**Michael will bring heavy rainfall and gusty winds to the western Carolinas and Northeast Georgia**

NEW INFORMATION (October 10, 2018 – 5:27am) From the National Weather Service.



– A Tropical Storm Watch has been issued for Chester, Laurens, Union, Union, and York

– A Tropical Storm Warning has been issued for Abbeville, Elbert, and Greenwood


– A Tropical Storm Watch is in effect for Chester, Laurens, Union, Union, and York

– A Tropical Storm Warning is in effect for Abbeville, Elbert, and Greenwood


– About 580 miles southwest of Charlotte NC or about 520 miles south-southwest of Greenville/Spartanburg SC

– 28.3N 86.5W

– Storm Intensity 140 mph

– Movement North or 360 degrees at 13 mph



Hurricane Michael is forecast to make landfall as a major hurricane near Panama City, Florida this afternoon.  Michael is forecast to track northeastward across Georgia as a Tropical Storm, with the center of the circulation likely passing near Augusta, Georgia and Columbia, South Carolina tomorrow, then on to near Fayetteville, North Carolina by Thursday evening.  Although the western Carolinas and northeast Georgia currently look to remain on the western side of the storm as it passes, windy conditions and very heavy rainfall will impact parts of the area.

The greatest threat that Michael will pose for our area currently appears to be flash flooding.  Based on the most likely track of the storm, the heaviest rainfall totals are expected to be along and south of Interstate 85.  The Charlotte metropolitan area is at particular risk of flash flooding, due to very high rainfall rates developing tomorrow along with excessive urban runoff.  Areas that flooded during heavy rainfall last month with Florence may flood again during Michael.

Winds will pick up in speed overnight tonight and peak during the day tomorrow.  A few tropical-storm force gusts are possible.  There is also a risk of isolated tornadoes in the lower Piedmont during this time.




Prepare for dangerous rainfall flooding having possible significant impacts in the eastern Upstate and southwest North Carolina Piedmont, including Charlotte.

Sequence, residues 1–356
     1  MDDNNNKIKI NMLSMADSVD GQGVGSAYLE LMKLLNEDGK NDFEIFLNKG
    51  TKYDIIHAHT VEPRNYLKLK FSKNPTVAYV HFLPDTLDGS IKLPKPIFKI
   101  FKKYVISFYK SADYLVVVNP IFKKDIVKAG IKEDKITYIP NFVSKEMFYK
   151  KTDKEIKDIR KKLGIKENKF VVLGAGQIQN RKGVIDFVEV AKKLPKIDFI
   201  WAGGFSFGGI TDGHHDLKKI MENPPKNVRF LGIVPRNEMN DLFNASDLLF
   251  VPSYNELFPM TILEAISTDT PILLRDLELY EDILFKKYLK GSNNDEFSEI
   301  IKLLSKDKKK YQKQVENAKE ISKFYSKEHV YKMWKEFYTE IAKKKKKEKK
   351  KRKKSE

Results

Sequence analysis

Potential impacts include:

– Moderate rainfall flooding may prompt several evacuations and rescues.

– Rivers and tributaries may quickly become swollen with swifter currents and overspill their banks in a few places, especially in usually vulnerable spots.  Small streams, creeks, canals, arroyos, and ditches overflow.

– Flood waters can enter some structures or weaken foundations.  Several places may experience expanded areas of rapid inundation at underpasses, low-lying spots, and poor drainage areas.  Some streets and parking lots take on moving water as storm drains and retention ponds overflow.  Driving conditions become hazardous.  Some road and bridge closures.

Prepare for locally hazardous rainfall flooding having possible limited impacts across the western Upstate, northeast Georgia, and the mountains and foothills of western North Carolina.


Prepare for hazardous wind having possible limited impacts along and south of Interstate 85.

Potential impacts in this area include:

– Damage to porches, awnings, carports, sheds, and unanchored mobile homes.  Unsecured lightweight objects blown about.

– Many large tree limbs broken off.  A few trees snapped or uprooted, but with greater numbers in places where trees are shallow rooted.  Some fences and roadway signs blown over.

– A few roads impassable from debris, particularly within urban or heavily wooded places.  Hazardous driving conditions on bridges and other elevated roadways.

– Scattered power and communications outages.

Elsewhere across the western Carolinas and NE Georgia, little to no impact is anticipated.


Prepare for a tornado event having possible limited impacts across the Lakelands of Georgia and South Carolina, as well as other parts of the southern Upstate.

Potential impacts include:

– The occurrence of isolated tornadoes can hinder the execution of emergency plans during tropical events.

– A few places may experience tornado damage, along with power and communications disruptions.

– Locations could realize roofs peeled off buildings, chimneys toppled, mobile homes pushed off foundations or overturned, large tree tops and branches snapped off, shallow-rooted trees knocked over, moving vehicles blown off roads, and small boats pulled from moorings.

Elsewhere across the western Carolinas and NE Georgia, little to no impact is anticipated.




If evacuating, leave with a destination in mind and allow extra time to get there.  Take your emergency supplies kit.  Gas up your vehicle ahead of time.  Let others know where you are going prior to departure.  Secure loose items and pets in the car and avoid distracted driving.


Now is the time to check your emergency plan and emergency supplies kit and take necessary actions to protect your family and secure your home or business.

When making safety and preparedness decisions, do not focus on the exact forecast track since hazards such as flooding rain, damaging wind gusts, storm surge, and tornadoes extend well away from the center of the storm.

If you live in a place particularly vulnerable to flooding, such as near the ocean or a large inland lake, in a low-lying or poor drainage area, in a valley, or near an already swollen river, plan to move to safe shelter on higher ground.

There is a threat from tornadoes with this storm.  Have multiple ways to receive Tornado Warnings.  Be ready to shelter quickly.


– For information on appropriate preparations see ready.gov

– For information on creating an emergency plan see getagameplan.org

– For additional disaster preparedness information see redcross.org



The next local statement will be issued by the National Weather Service in Greenville-Spartanburg SC around 11 AM EDT, or sooner if conditions warrant.